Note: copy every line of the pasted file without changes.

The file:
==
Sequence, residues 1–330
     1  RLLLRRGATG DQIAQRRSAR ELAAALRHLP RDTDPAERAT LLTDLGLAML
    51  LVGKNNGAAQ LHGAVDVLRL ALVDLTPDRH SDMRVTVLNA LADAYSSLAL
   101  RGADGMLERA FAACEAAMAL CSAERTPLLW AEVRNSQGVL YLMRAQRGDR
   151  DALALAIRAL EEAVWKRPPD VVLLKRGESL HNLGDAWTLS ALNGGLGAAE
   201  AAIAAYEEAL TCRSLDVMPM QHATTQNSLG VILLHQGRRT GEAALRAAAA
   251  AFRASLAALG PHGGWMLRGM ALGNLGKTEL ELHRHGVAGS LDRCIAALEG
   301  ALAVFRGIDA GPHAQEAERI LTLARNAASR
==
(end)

Sequence, residues 1–330
     1  RLLLRRGATG DQIAQRRSAR ELAAALRHLP RDTDPAERAT LLTDLGLAML
    51  LVGKNNGAAQ LHGAVDVLRL ALVDLTPDRH SDMRVTVLNA LADAYSSLAL
   101  RGADGMLERA FAACEAAMAL CSAERTPLLW AEVRNSQGVL YLMRAQRGDR
   151  DALALAIRAL EEAVWKRPPD VVLLKRGESL HNLGDAWTLS ALNGGLGAAE
   201  AAIAAYEEAL TCRSLDVMPM QHATTQNSLG VILLHQGRRT GEAALRAAAA
   251  AFRASLAALG PHGGWMLRGM ALGNLGKTEL ELHRHGVAGS LDRCIAALEG
   301  ALAVFRGIDA GPHAQEAERI LTLARNAASR